A combined construction operating license for Southern’s twin AP1000s is expected by early 2012
A major licensing milestone has been met by the U.S. Nuclear Regulatory Commission (NRC) for Southern’s Vogtle site. The NRC has has completed its Final Safety Evaluation Report (FSER) for the proposed Vogtle Units 3 and 4 reactors.
The action took place despite recent statements from NRC Chairman Gregory Jaczko which many took to be obstructionist or even anti-nuclear in tone and intent. His recent comments in testimony to the Senate Environment & Public Works Committee were widely interpreted as linking future new licenses to a review of the Fukushima events last March.
The NRC, in its FSER, concluded that there are no safety aspects that would preclude issuing the license for construction and operation of the proposed reactor site, near Waynesboro, Ga. Southern plans to build two Westinghouse 1,100 MW AP1000 light water reactors on the site. Completion of the first unit is expected in 2016.
The next step in the licensing process is the mandatory hearing phase of the licensing process. In the mandatory hearing, expected to take place this fall, the Commission will determine whether the staff’s review has been adequate to support the findings necessary to issue a COL.
In addition, because the Vogtle COL application references the amended AP1000 design, the Commission must complete the certification process for that design before it can render a mandatory hearing decision on the COL.
AP1000 on home stretch
“We’re in the home stretch to receive final approval,” Westinghouse president Aris Candris said in the statement. “We’re happy that the NRC technical staff has approved the amended design.”
This is the second time the AP1000 PWR design has been through the design certification process.
The NRC officially granted design certification to the AP1000 in 2006. Since then, the AP1000 design has been modified to meet new and additional NRC requirements, including those that require it to withstand the impact of an aircraft crash on its shield building. The shield building protects the steel containment vessel that houses the reactor vessel.
Both the shield building and the containment vessel play significant roles in the passive safety systems of the AP1000 design, which allow it to safely shutdown with no, or minimal operator action and no AC power.
Other AP1000 projects planned
Westinghouse, part of the Toshiba Corporation group, said utilities in Georgia, South Carolina and Florida have chosen the AP1000 design in their combined construction and operating license (COL) applications to construct six AP1000 units.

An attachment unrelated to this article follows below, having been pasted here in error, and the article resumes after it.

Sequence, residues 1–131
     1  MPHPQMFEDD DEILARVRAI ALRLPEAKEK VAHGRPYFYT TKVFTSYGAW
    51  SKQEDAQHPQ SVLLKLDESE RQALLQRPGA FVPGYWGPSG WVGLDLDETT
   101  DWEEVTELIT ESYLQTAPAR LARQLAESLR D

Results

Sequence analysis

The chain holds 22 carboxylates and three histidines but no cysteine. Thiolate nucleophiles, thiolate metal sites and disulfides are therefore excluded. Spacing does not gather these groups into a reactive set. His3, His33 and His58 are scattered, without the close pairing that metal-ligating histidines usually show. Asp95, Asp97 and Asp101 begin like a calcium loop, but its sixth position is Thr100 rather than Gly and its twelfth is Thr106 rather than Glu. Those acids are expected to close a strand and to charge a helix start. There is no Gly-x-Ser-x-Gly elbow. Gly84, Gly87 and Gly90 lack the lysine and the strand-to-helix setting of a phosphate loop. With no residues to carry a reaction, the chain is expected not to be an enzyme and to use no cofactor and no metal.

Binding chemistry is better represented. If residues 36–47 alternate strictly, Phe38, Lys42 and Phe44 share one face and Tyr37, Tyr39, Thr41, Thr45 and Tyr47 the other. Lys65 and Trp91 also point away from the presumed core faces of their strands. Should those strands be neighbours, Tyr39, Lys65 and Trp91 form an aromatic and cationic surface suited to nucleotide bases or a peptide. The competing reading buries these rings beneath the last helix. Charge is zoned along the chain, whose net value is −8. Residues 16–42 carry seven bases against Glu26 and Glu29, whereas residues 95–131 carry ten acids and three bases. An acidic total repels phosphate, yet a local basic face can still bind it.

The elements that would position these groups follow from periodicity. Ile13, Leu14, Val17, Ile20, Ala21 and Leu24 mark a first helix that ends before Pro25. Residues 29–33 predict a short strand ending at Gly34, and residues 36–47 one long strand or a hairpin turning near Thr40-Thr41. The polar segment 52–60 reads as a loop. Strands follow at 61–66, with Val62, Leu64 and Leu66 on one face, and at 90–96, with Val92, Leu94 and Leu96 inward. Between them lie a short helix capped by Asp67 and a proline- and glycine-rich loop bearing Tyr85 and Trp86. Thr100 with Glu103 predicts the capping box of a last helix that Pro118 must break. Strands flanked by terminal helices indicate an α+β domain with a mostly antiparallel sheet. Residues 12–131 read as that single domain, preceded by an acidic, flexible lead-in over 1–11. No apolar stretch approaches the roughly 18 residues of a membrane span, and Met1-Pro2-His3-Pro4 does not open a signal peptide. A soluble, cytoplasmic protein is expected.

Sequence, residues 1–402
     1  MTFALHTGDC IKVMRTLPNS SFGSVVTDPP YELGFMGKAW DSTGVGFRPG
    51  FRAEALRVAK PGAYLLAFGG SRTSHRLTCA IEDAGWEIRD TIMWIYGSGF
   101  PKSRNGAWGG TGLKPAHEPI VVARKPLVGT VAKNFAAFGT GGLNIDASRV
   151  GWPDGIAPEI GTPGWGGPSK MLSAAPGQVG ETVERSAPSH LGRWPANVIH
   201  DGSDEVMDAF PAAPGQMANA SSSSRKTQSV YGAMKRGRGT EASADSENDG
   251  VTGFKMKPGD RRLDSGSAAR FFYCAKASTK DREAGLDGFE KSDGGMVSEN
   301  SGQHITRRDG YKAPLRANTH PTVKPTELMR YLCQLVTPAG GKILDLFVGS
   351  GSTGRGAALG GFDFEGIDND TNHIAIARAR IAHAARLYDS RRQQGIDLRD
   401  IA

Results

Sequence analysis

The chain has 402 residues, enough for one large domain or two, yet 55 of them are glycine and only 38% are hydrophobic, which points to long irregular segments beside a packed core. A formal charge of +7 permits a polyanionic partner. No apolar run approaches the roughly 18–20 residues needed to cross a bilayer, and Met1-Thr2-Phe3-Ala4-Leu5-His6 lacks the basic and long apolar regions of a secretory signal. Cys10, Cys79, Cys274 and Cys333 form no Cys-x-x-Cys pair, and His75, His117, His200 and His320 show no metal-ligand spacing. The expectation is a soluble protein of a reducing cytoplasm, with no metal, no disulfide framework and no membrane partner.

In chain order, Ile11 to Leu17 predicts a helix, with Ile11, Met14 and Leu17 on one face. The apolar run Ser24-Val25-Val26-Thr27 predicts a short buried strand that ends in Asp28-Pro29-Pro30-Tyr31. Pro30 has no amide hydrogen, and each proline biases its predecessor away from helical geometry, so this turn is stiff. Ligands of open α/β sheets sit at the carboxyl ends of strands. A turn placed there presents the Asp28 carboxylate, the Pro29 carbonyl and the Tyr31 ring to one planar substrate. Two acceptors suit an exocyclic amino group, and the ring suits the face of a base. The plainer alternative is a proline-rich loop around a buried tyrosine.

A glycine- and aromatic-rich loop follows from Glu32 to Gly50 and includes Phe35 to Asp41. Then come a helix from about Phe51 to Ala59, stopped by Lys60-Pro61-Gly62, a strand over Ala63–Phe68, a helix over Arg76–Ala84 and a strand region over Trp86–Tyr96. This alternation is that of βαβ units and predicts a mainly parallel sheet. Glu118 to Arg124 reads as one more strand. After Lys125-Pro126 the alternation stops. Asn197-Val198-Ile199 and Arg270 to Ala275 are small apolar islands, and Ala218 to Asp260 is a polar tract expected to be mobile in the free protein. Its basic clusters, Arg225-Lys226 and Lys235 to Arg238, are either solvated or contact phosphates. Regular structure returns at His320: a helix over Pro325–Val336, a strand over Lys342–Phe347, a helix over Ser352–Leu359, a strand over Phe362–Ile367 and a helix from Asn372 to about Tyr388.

Southern Company confirmed it received from the NRC a schedule for the completion of the licensing process for two new 1,100-megawatt AP1000 units at the plant, in the state of Georgia.
Southern Company said it expects commercial operation of Vogtle-3 to begin in 2016 and Vogtle-4 in 2017.
The company said the NRC’s schedule provides “clarity and certainty toward the historic issuance of a license for the first new nuclear units approved for construction in the US in more than 25 years”.
Upon receipt of the COL, full construction can begin at the site. Southern Nuclear has been working under a limited work authorization permit since 2009, which allows for certain safety-related construction activities.
Southern Nuclear is overseeing construction and will operate the two new units for Georgia Power and co-owners Oglethorpe Power Corporation, the Municipal Electric Authority of Georgia and Dalton Utilities. Georgia Power owns 45.7 percent of the new units.
Southern Nuclear operates Plant Vogtle’s two existing nuclear units as well as Georgia Power’s two-unit Hatch nuclear plant in Georgia and Alabama Power’s two-unit Farley nuclear facility in Alabama.
US new-build plans are realistic – NEI
Plans to add between four to eight new nuclear reactors in the US from 2016 to 2020 are still realistic, despite the accident at the Fukushima-Daiichi nuclear plant in Japan, the US Nuclear Energy Institute (NEI) has said.
NEI president and chief executive officer Marvin Fertel (right) told financial analysts on 26 July 2011 that the institute’s estimate for the past three years has been that, between 2016 and 2020, the US was going to add four to eight new reactors.
“We believe, pre-Fukushima, that was realistic. We believe, post-Fukushima, that is very realistic,” he said.
Fertel said he also expected to see more units built towards 2050 to replace power plants that retire and to meet growing electricity demand.
In a conference call with nuclear energy bloggers August 5, Tony Pietrangelo said the nuclear renaissance has two phases. The first is to run the existing fleet at 90% or better uptime. The second is to build new units on time and within budget.